I’ve just got myself a “quick dri” t-shirt that’s made of 10 recycled PET (plastic) bottles, a cap for my son made from six recycled bottles and a cloth bag that was made out of anything between 10 to 40 recycled plastic water bottles. Did I hear you say plastic is bad for our oceans and deserts? That we should stop using it completely? Contrary to popular belief, plastic has a low carbon foot print, it is safe and hygienic and it is meant to be recycled, and not dumped. And that’s why we need to stop trashing it around and instead, recycle and reuse it in the form of garments and accessories, just like I did.
DGrade will be Middle East’s first bottle-to-yarn manufacturing company to shred plastic bottles and re-use them to either make new bottles or spin them into yarn to make apparel.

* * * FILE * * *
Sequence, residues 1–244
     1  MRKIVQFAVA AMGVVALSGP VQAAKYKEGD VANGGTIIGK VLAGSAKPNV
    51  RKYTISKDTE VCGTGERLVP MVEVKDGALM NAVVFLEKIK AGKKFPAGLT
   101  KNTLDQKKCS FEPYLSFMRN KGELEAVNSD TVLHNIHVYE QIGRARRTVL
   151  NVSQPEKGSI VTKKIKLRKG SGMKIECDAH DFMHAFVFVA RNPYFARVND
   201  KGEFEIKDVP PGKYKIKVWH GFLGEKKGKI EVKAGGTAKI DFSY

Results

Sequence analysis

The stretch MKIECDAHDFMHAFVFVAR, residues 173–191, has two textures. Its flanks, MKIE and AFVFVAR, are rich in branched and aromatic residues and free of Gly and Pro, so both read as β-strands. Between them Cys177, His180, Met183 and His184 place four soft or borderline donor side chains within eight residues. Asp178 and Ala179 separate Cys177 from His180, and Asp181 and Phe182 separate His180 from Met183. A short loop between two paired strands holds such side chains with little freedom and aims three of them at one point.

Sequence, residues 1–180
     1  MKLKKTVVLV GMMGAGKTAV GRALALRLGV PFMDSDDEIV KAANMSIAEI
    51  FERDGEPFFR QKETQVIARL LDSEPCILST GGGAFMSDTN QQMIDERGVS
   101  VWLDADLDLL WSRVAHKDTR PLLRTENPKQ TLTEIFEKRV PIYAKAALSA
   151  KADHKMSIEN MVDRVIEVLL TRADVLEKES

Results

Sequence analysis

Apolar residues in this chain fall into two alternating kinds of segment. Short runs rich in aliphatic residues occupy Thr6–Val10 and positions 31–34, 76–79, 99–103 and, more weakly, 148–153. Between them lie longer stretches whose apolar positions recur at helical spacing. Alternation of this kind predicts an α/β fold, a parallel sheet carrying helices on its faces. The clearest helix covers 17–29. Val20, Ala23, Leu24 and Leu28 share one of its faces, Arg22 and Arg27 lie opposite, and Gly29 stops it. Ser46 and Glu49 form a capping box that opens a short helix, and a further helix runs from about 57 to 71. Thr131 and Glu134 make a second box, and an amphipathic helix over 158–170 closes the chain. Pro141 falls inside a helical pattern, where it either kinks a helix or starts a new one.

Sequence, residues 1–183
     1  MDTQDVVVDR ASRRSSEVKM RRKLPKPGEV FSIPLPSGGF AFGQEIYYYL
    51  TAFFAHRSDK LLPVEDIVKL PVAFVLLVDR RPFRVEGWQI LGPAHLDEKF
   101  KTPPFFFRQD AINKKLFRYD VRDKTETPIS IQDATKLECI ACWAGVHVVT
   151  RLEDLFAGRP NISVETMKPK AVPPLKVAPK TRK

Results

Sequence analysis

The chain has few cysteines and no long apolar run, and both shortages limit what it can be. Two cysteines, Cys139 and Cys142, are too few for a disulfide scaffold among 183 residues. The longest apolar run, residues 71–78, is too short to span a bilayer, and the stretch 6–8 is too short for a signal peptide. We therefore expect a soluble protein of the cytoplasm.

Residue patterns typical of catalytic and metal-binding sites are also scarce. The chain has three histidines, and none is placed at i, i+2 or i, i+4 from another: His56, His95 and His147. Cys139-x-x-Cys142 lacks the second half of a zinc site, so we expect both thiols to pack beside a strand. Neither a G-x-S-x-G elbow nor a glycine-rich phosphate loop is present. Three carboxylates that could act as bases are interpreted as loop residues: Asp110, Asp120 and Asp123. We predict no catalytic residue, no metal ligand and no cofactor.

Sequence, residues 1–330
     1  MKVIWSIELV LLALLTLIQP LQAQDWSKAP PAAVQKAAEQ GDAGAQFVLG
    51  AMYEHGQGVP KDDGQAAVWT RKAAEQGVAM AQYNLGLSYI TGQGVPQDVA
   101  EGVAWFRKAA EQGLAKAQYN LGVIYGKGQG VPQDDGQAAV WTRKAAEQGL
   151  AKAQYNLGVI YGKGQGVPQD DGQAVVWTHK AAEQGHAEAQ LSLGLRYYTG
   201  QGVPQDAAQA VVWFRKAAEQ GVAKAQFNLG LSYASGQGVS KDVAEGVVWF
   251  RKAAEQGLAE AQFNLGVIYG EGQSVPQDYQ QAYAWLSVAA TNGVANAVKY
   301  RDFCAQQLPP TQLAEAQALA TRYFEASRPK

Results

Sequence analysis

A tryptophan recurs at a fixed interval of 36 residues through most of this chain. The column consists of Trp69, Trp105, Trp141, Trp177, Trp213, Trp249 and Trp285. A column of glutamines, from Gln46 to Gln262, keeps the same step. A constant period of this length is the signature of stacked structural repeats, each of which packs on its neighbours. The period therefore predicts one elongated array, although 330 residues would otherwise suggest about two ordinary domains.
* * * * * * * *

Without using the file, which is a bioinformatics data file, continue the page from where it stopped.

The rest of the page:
Plastic bottles are collected, then washed and shredded into flakes. The plastic flakes are then heated and melted to produce fibres. The fibre is spun into the yarn, which is finally woven or knitted into fabric to make clothing and accessories. This in turn creates a sustainable system for recycling waste (plastic in this case) back into everyday products that we can use.
DGrade is currently getting together the large quantity of plastic bottles required to manufacture clothes and accessories through its Simply Bottles recycling initiative and is excited at the prospect of producing its trademark Greenspun fewer carbon emissions and zero per cent oil, a finite resource.
Kris Barber, the founder and CEO of DGrade, says that once they turn on the machinery to start shredding the bottles, the company will be able to recycle 720 million bottles per year (nearly a fifth of plastic bottles used annually in the UAE), and therefore divert a significant amount of waste that would otherwise enter the waters around the Middle East.
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